If you’ve ever been to your local bookstore looking for a good parenting book you might have been overwhelmed by the number of books there are on the topic. So how do you know which ones are the best, which ones apply to your need, or most importantly, which books are written by reputable sources?
Here are six books on parenting that I highly recommend:
1. “How to Raise an Adult: Break Free of the Overparenting Trap and Prepare Your Kid for Success” by Julie Lythcott-Hiams
This New York Times best-seller was written by a former dean of Stanford University and speaks to the over involvement of parents in their children’s lives. She talks about how we ended up in a culture that is so focused on kids’ safety and risk prevention, often for reasons that have been misinterpreted or blown out of proportion, that many kids are growing up with increased anxiety, an underdeveloped sense of self-confidence and a lack of independence.
This book will give you pause to reconsider many accepted parenting practices from today while encouraging you to raise kids who are prepared to face the world with competence and confidence.
2. “Mindset: The New Psychology of Success” by Carol S. Dweck, Ph.D.
This one is a game changer for (a) success, (b) the way we think about ourselves and our abilities and (c) how we raise and praise our kids. Many people think that it is talent and/or IQ that leads to success. In truth, how we think about or to what we attribute our successes, struggles and failures may be even more important than innate talent, intelligence or skill level. Dweck, a psychologist, and researcher from both Stanford and Columbia talks about “growth” and “fixed” mindsets.
In “Mindset,” you’ll learn how best to praise kids (reward effort which is something we can regulate, not intelligence) and help them to adjust their thinking to build motivation and a belief in themselves.
3. “1-2-3 Magic: Effective Discipline for Children 2-12” by Thomas W Phelan, PhD
This is a classic and I think one every parent should have in their toolbox. Why on earth does counting to three even make a difference for kids? Well, kids respond exceptionally well to limits and knowing that they have just ‘til a count of three to either start or stop doing something is ideal. Phalan has also written complementary books for parenting toddlers and teens, and I have used his books as the basis for many parenting presentations over the years.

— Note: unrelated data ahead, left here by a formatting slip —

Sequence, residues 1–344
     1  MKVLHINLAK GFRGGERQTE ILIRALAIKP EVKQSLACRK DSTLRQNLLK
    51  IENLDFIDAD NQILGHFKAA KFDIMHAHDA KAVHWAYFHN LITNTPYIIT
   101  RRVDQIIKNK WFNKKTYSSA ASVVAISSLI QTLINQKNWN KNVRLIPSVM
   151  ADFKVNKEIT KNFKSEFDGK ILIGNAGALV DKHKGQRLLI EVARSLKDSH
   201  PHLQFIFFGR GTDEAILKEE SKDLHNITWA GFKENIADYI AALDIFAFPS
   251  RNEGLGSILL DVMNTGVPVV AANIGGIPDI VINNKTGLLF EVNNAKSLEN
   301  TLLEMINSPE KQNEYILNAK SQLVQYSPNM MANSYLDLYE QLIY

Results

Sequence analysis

One of the things I love is his explanation for what to do about a variety of push-back techniques that kids employ such as arguing, testing and negotiating.
4. “Scream Free Parenting” by Hal Edward Runkel
Hal Edward Runkel speaks directly to parents about parental anxiety and how this is the biggest obstacle to calm confident parenting. He encourages you to think about your thoughts, feelings, and behavior first before you even deal with your kids. What assumptions are you making about your kids and how are you managing your emotional reactions? And you don’t have to be a screamer to benefit from this one.
If you enjoy this one, I’m sneaking in another that follows along some similar lines: “Parenting with Love & Logic” by Foster Cline & Jim Fay.
5. “Why Do They Act This Way: A Survival Guide to the Adolescent Brain for You and Your Teen” by David Walsh, PhD
After hearing Walsh speak about ten years ago, I became a huge fan of his. With great stories, he interweaves what we know about how kid’s brains work (in understandable language) and how this and other factors leads them to act the ways they do. He is the founder of the internationally renowned National Institute on Media and the Family and released a revised, fully updated version of this book with all updated information in 2014.
If you want to understand what makes teens tick, this is the one for you.
6. “How to Talk So Kids Will Listen & Listen So Kids Will Talk” by Adele Faber & Elaine Mazlish
I first read this book when I was a day camp counselor in New York in the 1990s and was trying to communicate better with my campers. Using cartoons to illustrate parent-child dialogues, this book gives you a bird’s eye view of what your kids think about what you say. By reading this book, you will truly understand that what you say and don’t say matters and how you say things matters even more.
There is a teen version of this one too, and I recommend you read one or both. They accomplish in their book much of what I attempt to do for families in therapy.